ASG Analysis: Theresa May's New Cabinet: What's Next for Brexit

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Brexit: What to Expect From the New Cabinet

Last week, newly minted UK Prime Minister Theresa May appointed a portion of her cabinet. Over the next weeks, ASG will outline Brexit implications for leading sectors in the UK and EU, including issues surrounding the movement of personnel.

This is a Brexit government, with an ambitious, domestic goal of appealing to working class citizens who voted on jobs and immigration. These issues will be at the heart of the PM’s domestic agenda. Other issues will intrude, however – terrorism, global economic issues, and Russia, for instance.  This government is, with one exception, workmanlike and adaptable at the top, but its ability to project and hold its agenda as events bring other issues to the fore will be tested. Additionally, as Global Counsel in London has pointed out, the PM is changing how the UK government is organized internally, and that will create strains on implementation.

Key appointments to the cabinet include:

  • Phillip Hammond as Chancellor of the Exchequer. Hammond is seen as a safe pair of hands in government, and is expected to be technocratic and methodical in his guidance of the UK economy. His European experience has led him to advocate for bilateral conversations with key countries in Europe to explore the kinds of relationships the UK can have, beyond the constraints of Brussels.
  • David Davis as Secretary of State for Exiting the European Union. Davis will lead the Article 50 negotiations with the EU as the so-called Minister for Brexit. He has called on the government to trigger Article 50 “before or by the beginning of next year” so as to leave the EU by December 2018. Davis’ stated preference is to secure continued tariff-free access to the EU single market – a model that may prove difficult given the government’s stance on immigration controls but that reflects his opening position that Europe will want to accommodate Britain.
  • Liam Fox as Secretary of State for International Trade. The UK will not be able to sign trade deals until it formally leaves the EU, but this has not prevented Fox from initiating informal negotiations with 12 trading partners over the weekend, including Australia. Fox has announced his intention to have trade deals ready to “the point of signing” by the time Brexit negotiations conclude. Talk of early progress, however, may prove overly optimistic. The UK lacks a bench of trade negotiators and getting to a final agreement is notoriously difficult – just look at the Transatlantic Trade and Investment Partnership or Canada’s free trade agreement with the EU.
  • Boris Johnson as Foreign Secretary. The appointment of the outspoken former mayor of London surprised many. At the heart of many Brexit appeals was the idea that the UK would be more influential globally without a voice in Europe. The face, and hair, fronting that effort will be heard – he is too intriguing to be ignored. Johnson, however, has no track record of engagement on foreign policy and will work without line control over trade, aid, defense, and the relationship with Europe, which has long been the epicenter of British foreign policy since, well, since the kingdom was united. Johnson’s appointment is the clearest example of binding the Brexiteers to the process of Brexit while limiting their individual influence on the process. Johnson’s first meeting with the U.S. Secretary of State is scheduled for Tuesday. We anticipate strong affirmation of the special relationship rhetorically – even though the U.S. was clear that the relationship would be harmed by Brexit – and careful attention to non-European work central to the bilateral relationship, in particular in the Middle East.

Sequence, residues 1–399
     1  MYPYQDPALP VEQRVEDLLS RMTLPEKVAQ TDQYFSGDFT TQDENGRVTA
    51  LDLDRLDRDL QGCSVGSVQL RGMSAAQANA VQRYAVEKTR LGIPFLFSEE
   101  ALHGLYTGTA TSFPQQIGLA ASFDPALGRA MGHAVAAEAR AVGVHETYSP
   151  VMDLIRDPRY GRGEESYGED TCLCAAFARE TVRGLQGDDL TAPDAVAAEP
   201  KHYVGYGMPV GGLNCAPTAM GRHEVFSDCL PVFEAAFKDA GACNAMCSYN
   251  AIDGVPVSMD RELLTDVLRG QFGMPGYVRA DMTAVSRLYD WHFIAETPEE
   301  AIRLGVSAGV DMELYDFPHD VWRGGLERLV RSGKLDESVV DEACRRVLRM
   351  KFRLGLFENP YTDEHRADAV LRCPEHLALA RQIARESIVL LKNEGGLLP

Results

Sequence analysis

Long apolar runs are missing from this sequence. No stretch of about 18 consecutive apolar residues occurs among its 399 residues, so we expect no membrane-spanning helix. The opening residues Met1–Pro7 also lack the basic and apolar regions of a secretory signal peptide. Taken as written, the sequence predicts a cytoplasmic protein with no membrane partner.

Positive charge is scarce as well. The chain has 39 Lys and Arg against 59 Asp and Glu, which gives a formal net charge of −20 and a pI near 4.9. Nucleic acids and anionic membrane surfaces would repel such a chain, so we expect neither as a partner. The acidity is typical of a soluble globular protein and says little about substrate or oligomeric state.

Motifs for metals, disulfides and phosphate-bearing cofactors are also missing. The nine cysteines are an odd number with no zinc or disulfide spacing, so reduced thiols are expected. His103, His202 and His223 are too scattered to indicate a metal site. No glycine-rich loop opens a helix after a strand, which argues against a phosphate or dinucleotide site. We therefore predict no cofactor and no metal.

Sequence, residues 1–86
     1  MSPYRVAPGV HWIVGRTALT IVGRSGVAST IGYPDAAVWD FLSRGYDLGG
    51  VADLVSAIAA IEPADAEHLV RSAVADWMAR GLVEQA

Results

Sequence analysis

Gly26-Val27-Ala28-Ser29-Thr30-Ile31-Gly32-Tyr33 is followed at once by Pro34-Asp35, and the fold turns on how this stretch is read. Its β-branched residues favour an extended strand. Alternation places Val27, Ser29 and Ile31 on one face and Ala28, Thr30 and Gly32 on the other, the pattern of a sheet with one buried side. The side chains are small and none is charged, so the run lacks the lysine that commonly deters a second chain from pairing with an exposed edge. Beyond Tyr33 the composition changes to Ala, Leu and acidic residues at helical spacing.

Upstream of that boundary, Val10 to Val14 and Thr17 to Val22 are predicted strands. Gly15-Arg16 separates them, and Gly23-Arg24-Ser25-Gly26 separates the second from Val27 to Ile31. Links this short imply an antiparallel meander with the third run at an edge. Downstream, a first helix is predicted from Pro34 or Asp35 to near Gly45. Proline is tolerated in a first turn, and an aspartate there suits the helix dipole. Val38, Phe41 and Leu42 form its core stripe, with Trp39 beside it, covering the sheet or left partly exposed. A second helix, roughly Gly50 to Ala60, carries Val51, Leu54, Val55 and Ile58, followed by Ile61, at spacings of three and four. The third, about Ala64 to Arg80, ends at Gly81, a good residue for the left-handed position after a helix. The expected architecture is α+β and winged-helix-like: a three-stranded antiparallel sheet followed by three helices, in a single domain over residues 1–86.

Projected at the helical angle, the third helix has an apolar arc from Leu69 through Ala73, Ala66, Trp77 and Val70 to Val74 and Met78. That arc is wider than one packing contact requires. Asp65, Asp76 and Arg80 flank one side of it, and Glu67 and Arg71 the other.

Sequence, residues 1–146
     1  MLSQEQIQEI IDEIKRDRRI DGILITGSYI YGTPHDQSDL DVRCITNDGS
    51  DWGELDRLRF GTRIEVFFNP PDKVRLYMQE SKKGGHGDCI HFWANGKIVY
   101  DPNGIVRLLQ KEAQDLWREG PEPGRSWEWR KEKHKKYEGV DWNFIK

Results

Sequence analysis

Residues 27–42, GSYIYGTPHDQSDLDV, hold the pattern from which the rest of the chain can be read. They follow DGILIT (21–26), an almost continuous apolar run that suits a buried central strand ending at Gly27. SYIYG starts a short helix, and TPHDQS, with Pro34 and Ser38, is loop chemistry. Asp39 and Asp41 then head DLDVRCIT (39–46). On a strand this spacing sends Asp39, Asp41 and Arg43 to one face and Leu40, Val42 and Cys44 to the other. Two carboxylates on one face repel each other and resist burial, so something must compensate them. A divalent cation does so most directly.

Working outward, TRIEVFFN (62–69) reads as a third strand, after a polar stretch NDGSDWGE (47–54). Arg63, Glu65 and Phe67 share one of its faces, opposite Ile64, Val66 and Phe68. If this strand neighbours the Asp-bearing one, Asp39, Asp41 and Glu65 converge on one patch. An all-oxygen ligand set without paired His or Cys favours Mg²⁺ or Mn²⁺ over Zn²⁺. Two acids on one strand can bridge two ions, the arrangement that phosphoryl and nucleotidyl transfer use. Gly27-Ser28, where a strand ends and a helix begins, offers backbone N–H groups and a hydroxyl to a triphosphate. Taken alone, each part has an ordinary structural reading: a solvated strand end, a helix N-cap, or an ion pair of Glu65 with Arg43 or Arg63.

• Greg Clark as Secretary for the Department for Business, Energy and Industrial Strategy. This post was created as a result of a merger between the Department of Energy and Climate Change and Department for Business, Innovation and Skills, with the goal of developing a proper industrial strategy to get the whole economy firing. This will be a critical effort to form a new voting alignment in the UK, along with migration policy.

What’s next?

May is expected to complete her cabinet early this week with largely domestic focused posts. She will also travel abroad for the first time as PM, first visiting Berlin on Wednesday to begin informal talks with German Chancellor Angela Merkel, before visiting Paris the next day to meet with French President Francois Hollande.

Fox will begin to assemble staff within the newly created Department for International Trade, tasked with negotiating trade deals and absorbing the trade promotion responsibilities of the UK Trade and Investment Department. This will be challenging given that the UK ceded much of its trade function to Brussels when it joined the Union, leaving few trade experts in the UK able to assume key roles.

Davis will begin standing up the newly created Department for Exiting the EU, which will have the critical job of managing the legal and regulatory process of detangling the UK from the EU. Both of these departments will play a key role in the upcoming negotiations, and will be important for businesses to watch, and engage with, in the coming months.